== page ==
With Reuters and Ha'aretz

Israel confirmed on Wednesday its first case of mad cow disease, found in a 10-year-old cow in the Golan Heights.

A portion of the cow's brain was sent to the Beit Dagan veterinary service labs for a quick, standard test used on all non-slaughtered cows that die. The results were positive for bovine spongiform encephalopathy, commonly known as mad cow disease.

Per standard operating procedure, the brain sample was sent to the World Organization for Animal Health in Switzerland for confirmation of the results.

The Agriculture Ministry has already asked the treasury for NIS 30-50 million, which the ministry estimates would be needed to cope with the problem.

The ministry added that it is putting an emergency plan into effect to examine the brains of all cattle over the age of 30 months that are sent to slaughterhouses before releasing their meat to the market. The internal organs of slaughtered cattle over the age of one year would be destroyed, the ministry said in a statement.

Israel will stop selling to the Palestinian Authority all beef that came from cows of 30 months and older in an effort to ensure that infected meat does not reach the Palestinian areas, the ministry said.

Israeli and Palestinian agricultural officials will meet in the coming days to discuss how to prevent the spread of the disease, Army Radio reported.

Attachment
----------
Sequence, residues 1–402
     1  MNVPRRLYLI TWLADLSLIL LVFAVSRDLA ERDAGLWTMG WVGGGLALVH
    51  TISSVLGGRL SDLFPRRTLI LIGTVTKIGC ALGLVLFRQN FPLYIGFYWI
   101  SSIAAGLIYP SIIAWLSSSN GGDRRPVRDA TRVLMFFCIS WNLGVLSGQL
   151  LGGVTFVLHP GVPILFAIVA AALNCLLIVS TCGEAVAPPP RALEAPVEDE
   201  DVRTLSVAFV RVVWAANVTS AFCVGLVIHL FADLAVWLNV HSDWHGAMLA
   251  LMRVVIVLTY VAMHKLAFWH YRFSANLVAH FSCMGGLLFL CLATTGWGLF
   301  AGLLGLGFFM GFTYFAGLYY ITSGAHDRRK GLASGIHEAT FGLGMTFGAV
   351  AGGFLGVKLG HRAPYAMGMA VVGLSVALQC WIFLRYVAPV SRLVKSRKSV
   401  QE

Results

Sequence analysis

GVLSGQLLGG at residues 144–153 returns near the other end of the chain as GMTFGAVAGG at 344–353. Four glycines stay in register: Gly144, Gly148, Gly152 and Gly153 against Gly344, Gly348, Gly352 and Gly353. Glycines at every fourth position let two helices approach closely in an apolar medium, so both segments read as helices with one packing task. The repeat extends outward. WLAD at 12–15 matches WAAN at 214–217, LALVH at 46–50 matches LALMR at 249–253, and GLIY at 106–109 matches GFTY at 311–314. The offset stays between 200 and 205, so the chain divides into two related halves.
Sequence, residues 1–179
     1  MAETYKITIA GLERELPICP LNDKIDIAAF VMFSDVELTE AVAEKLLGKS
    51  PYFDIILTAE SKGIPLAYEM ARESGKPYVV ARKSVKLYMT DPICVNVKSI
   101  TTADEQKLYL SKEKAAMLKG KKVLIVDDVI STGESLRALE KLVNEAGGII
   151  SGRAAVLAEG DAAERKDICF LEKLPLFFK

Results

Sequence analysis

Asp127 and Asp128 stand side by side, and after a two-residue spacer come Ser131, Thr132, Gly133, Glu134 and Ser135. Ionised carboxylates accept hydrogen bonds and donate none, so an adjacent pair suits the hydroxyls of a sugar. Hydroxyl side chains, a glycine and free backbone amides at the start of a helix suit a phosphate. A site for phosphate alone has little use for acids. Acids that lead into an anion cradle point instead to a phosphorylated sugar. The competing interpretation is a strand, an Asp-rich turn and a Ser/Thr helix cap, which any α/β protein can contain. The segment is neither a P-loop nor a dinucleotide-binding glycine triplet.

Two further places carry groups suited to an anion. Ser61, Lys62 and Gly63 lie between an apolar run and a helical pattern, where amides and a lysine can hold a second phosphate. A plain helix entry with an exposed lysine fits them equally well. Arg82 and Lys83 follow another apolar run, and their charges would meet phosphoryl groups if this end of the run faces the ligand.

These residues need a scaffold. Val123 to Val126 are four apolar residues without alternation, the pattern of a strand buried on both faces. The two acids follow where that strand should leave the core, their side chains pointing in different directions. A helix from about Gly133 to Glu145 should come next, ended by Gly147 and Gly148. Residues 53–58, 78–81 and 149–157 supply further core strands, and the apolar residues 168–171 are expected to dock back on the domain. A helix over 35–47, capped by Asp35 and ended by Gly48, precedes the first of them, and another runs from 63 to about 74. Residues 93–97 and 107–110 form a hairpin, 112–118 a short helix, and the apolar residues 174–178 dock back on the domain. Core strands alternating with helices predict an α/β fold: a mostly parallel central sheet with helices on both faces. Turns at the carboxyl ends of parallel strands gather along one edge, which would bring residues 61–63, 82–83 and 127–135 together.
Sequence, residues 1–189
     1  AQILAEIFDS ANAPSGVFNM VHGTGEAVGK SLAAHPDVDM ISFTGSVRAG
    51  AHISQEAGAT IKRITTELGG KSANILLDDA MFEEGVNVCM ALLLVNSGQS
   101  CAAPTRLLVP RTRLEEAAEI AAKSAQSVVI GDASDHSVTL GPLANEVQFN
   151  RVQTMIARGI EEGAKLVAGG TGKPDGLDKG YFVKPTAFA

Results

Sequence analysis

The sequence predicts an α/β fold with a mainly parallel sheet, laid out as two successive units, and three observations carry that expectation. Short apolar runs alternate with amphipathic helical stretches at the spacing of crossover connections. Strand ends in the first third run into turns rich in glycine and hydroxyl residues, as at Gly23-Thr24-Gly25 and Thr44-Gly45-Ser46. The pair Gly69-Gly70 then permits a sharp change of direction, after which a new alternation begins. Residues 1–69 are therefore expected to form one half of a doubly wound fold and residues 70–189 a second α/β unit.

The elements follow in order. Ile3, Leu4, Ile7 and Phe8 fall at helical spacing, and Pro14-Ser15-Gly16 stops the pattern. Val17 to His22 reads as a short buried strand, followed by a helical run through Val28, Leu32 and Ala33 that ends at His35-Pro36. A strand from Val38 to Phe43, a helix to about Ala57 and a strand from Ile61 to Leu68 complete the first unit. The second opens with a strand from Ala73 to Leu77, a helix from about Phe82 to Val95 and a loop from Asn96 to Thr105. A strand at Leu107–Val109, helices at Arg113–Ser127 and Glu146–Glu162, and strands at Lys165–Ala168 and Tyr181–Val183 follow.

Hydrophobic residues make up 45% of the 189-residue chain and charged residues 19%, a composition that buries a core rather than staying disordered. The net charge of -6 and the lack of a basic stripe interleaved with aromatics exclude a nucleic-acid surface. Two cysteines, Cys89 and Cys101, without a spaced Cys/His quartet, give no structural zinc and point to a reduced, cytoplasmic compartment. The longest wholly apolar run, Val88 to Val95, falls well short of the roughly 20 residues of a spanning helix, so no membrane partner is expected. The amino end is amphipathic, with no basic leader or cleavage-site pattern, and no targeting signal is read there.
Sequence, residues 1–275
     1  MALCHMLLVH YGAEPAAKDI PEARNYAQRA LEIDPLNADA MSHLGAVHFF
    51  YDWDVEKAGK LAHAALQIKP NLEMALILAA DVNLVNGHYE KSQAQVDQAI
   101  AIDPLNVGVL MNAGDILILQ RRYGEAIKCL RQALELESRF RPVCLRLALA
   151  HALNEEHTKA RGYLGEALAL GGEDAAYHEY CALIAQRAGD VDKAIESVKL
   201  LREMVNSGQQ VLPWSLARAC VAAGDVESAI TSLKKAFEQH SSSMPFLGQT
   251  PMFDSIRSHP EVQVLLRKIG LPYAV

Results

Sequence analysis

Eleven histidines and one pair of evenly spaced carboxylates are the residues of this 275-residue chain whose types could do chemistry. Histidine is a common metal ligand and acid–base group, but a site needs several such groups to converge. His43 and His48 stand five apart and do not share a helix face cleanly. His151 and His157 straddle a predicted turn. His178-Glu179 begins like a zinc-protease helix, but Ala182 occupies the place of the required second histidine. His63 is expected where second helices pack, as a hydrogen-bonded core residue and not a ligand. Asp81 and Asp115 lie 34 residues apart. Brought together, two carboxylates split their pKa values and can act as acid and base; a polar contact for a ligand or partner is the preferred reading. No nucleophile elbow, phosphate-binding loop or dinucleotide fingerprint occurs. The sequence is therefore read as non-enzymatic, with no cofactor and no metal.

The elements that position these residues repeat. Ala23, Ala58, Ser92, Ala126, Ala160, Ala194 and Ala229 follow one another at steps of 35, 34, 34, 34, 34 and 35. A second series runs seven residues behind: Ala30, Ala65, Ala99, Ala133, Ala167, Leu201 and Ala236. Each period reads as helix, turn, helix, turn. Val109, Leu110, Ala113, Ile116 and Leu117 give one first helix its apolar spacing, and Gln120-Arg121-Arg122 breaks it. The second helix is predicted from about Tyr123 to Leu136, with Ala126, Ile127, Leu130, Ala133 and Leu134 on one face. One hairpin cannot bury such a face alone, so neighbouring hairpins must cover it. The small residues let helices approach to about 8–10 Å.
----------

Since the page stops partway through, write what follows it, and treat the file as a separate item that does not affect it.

The ministry also said three cows of the same age group of the infected animal and two of its offspring, now in quarantine, would be culled. The dairy where the dead cow was discovered is a milk dairy, and no cows there have been sent to slaughter. It has already been proved that the disease, if present in cows, is not transmitted to humans via their milk.

The Golan dairy, run by a staff of 14 full-time employees, has 740 cows and produces 7 million liters of milk a year. It is the result of a joint venture of three kibbutzim - Ortal, Merom Golan and Elrom - and considered one of the largest dairies in the country.

BSE is believed to have spread from Britain in the mid-1990s to the European continent through feedmeal contaminated with infected material. Experts believe the human form of the disease, called variant Creutzfeldt-Jakob Disease and potentially deadly, is transmitted by eating meat from infected animals. Some 80 people have died of the disease since the mid-1990s, mostly in Britain.